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How To Get Through Institutional Review Smoothly

Delays in the Institutional Review Board (IRB) approval process can greatly inconvenience investigators and set back research projects. The following suggestions can help researchers minimize the time for IRB approval.

Explain what will happen to patients if they enroll in the study

The IRB is charged with protecting human subjects. What will it be like to participate in the study from the participant's perspective, in terms they can understand? If they will be admitted to the General Clincal Research Center, will they be able to leave the hospital, have visitors, walk around, etc.?

Give the IRB reviewers the information they will need to review your study

IRB reviewers will not necessarily be in your clinical field. You need to explain such basic information as the clinical condition of the participants, the usual standard of clinical care for the condition, etc.

Explain recruitment and consent procedures fully

A number of patients complain about how they were identified as eligible for studies and contacted by researchers. Thus, the IRB is required to examine these procedures carefully for concerns about invasions of privacy and breaches of confidentiality. Because of such patient concerns researchers who have no prior relationship to a patient (for example as a physician in the clinic where the patient receives care) may not contact a patient directly, but must either work through a treating physician or recruit only patients who have agreed to be contacted for research. To be sure, these requirements slow down recruitment for studies. However, the IRB is required to ensure that patients' reasonable expectations regarding privacy and confidentiality are respected.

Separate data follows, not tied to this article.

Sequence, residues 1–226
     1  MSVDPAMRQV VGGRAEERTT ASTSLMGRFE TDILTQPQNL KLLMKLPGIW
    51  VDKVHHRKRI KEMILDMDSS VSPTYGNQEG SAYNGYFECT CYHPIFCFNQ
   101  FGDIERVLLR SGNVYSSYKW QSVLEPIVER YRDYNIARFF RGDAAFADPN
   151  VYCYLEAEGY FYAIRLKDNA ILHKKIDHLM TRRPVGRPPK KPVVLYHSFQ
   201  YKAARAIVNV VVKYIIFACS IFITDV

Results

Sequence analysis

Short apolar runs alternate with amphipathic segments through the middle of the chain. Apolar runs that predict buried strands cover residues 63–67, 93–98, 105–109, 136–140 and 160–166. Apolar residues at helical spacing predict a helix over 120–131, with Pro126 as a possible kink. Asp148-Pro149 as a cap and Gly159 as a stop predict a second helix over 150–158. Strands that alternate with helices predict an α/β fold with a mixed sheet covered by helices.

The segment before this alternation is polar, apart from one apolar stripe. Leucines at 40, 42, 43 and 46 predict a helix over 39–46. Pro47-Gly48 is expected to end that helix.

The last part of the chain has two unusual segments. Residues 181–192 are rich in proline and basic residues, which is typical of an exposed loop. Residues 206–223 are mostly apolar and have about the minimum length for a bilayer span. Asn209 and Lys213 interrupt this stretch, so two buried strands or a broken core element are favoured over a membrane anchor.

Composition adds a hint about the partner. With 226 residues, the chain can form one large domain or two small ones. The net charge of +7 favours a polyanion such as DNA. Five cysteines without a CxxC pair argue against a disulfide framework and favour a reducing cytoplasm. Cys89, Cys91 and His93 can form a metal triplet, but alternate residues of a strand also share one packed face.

Recruitment and consent procedures need to be explained in sufficient detail that the IRB knows that the experience will be like for prospective participants. For example, it is not sufficient to say, "will be recruited in the clinic waiting room." Who will do the recruiting? Where will discussions take place? Will other people in the waiting room be able to overhear the conversations?

Anticipate concerns that members of the Committe on Human Research are likely to raise

For complicated or controversial studies, it is best to explain the options you considered and the reasons for choosing the approach you did. The goal is to show the Commitee on Human Research (CHR) that you have thought seriously about the ethical issues and have good reasons for the approach you chose. The CHR staff can help you anticipate CHR concerns and understand the kinds of approaches that have been accepted in similar studies.

Obtain the suggestions of CHR staff

CHR staff have a good idea of what concerns and questions the CHR is likely to raise and what approaches the Committee has found acceptable in the past. CHR staff are available by phone to answer questions. Remember that it is in interest of the CHR and the staff to have investigators submit applications that are approved on the first review.

Make sure your application is well organized and clear

For each meeting, a committee member needs to review a number of protocols. If your CHR application is poorly organized or not clear, and reviewers have to read it several times to understand what you are doing, you are putting yourself at a disadvantage.

Carefully address CHR questions or concerns

The situation is similar to responding the reviews of a grant application or manuscript submission. A thoughtful response to each point is needed. If you disagree, you have the burden of providing a convincing argument to the CHR. Again, CHR staff can be helpful in helping you understand what kinds of information or justification the CHR is seeking. Getting the resubmission right on the first submission will save you a lot of time.

Bernard Lo, M.D.

Topic revision: r13 - 05 Mar 2012 - 13:06:53 - MaryBanach
BERDpedia.GetThroughIRB moved from Main.GetThroughIRB on 08 Feb 2008 - 05:42 by MichaelGold?
 
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